In other news, today I received an e-mail from Human Rights Watch documenting the "impact" the organization has had lately. Topping the list of accomplishments was this
In a historic step toward justice, the United Nations Security Council passed a late-night resolution referring Darfur to the International Criminal Court (ICC) on March 31, 2005. This resolution gives the ICC authority to investigate and prosecute those most responsible for massive human rights violations committed in the western Sudanese region. Human Rights Watch played a crucial role in building support for the referral, from our initial research on the ground, early calls for accountability, and extensive advocacy with the press and diplomats worldwide. This month's referral of Darfur to the ICC by the U.N. Security Council is, we must hope, the beginning of the end of Darfur's awful nightmare and a belated start to ensuring justice and accountability for the crimes committed against the people of Darfur.While the ICC referral is a step-forward, I fail to see how it is going to play a meaningful role in ending the genoicde in Darfur.
In fact, it seems to me that Human Rights Watch is in some ways, more concerned with legitimizing the ICC than they are in stopping the violence. Writing in Foreign Policy, David Bosco made just this point
[M]any human rights groups have decided to use the Sudan crisis to bludgeon the United States into changing its position. In a recent press release, the advocacy group Human Rights Watch claimed that “the Bush administration is creating a deadly delay for the people of Darfur by attempting to block the U.N. Security Council from referring Darfur atrocities to the International Criminal Court.” In their eagerness to establish and legitimize the court, some human rights officials have elided entirely the distinction between meaningful action to stop ongoing atrocities and litigation to assign responsibility for blood already shed. It is a particularly important distinction, given the ICC’s lack of any enforcement capability.And on the day after the Security Council voted to refer the crimes to the ICC, TAPPED's Mark Leon Goldberg made similar observations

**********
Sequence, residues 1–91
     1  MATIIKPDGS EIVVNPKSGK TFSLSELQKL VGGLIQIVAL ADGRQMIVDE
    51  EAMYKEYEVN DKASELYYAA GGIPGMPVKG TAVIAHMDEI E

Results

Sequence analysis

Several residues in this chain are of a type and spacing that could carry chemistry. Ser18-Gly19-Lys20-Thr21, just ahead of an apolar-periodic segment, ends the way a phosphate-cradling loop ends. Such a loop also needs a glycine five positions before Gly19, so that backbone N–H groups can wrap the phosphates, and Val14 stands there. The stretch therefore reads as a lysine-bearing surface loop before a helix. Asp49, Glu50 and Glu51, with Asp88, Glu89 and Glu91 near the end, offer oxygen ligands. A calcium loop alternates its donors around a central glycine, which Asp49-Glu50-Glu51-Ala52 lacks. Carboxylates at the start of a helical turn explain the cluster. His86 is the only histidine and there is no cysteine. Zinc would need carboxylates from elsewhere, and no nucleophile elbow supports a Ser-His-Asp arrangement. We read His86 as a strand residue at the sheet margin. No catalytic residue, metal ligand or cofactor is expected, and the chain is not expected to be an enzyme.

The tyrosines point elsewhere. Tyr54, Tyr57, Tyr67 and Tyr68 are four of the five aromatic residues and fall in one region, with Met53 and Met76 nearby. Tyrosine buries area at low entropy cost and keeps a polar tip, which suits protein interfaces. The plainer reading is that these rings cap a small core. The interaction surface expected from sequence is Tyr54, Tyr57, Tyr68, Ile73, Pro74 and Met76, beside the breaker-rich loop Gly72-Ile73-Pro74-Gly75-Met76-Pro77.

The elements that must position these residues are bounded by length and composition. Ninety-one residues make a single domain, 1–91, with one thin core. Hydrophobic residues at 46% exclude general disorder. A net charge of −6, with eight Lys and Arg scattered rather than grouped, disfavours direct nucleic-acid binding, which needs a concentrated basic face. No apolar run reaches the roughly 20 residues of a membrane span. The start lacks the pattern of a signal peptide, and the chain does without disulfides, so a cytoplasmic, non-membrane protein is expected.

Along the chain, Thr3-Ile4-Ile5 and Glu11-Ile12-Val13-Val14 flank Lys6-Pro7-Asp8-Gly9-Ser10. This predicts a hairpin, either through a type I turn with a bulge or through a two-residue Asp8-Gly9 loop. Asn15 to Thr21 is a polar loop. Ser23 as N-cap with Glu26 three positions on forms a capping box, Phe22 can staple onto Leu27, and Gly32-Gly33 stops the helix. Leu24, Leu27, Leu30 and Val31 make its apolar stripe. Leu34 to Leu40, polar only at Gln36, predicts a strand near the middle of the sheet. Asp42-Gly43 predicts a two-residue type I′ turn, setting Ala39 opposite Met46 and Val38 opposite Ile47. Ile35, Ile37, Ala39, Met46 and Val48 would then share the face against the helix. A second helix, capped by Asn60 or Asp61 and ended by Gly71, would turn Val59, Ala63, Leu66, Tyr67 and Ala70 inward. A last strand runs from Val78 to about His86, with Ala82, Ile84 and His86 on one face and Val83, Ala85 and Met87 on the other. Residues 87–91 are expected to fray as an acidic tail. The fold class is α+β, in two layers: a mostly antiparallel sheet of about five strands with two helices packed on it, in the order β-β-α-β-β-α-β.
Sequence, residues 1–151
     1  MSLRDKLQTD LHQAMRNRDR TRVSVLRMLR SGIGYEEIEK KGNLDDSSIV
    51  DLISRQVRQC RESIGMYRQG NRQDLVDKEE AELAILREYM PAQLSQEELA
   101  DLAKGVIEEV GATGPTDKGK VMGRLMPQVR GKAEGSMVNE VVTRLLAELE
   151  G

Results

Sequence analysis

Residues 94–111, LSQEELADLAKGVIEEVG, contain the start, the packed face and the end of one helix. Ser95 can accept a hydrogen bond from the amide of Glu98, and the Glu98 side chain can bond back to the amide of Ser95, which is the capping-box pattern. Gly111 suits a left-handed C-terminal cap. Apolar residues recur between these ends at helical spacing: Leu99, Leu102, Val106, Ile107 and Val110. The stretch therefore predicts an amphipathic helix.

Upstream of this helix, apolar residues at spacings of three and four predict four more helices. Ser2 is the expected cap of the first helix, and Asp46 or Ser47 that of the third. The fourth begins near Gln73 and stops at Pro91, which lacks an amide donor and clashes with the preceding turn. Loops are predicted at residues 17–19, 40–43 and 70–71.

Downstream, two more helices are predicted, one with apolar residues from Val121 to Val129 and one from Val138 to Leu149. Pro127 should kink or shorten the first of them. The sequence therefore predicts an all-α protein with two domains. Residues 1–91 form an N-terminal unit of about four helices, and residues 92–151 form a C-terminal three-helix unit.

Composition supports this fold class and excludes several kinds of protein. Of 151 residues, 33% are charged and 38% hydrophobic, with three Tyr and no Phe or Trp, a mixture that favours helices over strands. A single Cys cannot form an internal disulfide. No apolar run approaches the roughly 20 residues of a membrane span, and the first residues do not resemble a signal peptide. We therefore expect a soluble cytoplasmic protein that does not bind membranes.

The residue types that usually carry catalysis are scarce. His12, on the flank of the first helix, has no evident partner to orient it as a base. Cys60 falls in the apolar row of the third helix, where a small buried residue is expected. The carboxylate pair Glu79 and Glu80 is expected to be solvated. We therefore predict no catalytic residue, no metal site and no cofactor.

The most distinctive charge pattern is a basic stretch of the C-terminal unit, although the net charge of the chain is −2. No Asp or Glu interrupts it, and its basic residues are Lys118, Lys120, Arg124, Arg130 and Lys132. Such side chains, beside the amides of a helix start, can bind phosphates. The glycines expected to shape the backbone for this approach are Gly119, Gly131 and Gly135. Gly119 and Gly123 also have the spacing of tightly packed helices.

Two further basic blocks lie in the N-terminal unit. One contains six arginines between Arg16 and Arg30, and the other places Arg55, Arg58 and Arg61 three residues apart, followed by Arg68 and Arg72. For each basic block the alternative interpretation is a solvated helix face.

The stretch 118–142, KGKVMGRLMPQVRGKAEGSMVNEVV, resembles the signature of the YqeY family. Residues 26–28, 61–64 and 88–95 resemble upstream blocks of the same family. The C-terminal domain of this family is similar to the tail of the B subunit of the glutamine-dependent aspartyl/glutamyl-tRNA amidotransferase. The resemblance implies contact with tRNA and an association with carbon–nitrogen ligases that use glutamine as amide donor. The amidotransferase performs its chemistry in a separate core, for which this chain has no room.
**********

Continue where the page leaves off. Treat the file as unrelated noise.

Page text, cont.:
As expected, I got a flurry of press releases from excellent human-rights organizations that have pressed hard for the ICC referral. Unfortunately, the two heavyweights, Amnesty International and Human Rights Watch, decided to highlight the exemption in their immediate post-resolution press releases. To be sure, they were glad that the resolution passed, but they decided to bludgeon the United States for demanding that clause as well.I admire HRW and have donated to them in the past, but in this instance I get the distinct impression that they more focused on pushing their long term pro-ICC agenda than they are on helping the people of Darfur.
Playing up that angle seems somewhat unhelpful and slightly inappropriate to me. Conversely, I think the newer and more dynamic Human Rights First and Citizens for Global Solutions got their post-resolution spin right. Neither referred to the U.S. exemption as “offensive” or “totally unacceptable” as HRW and Amnesty did, respectively.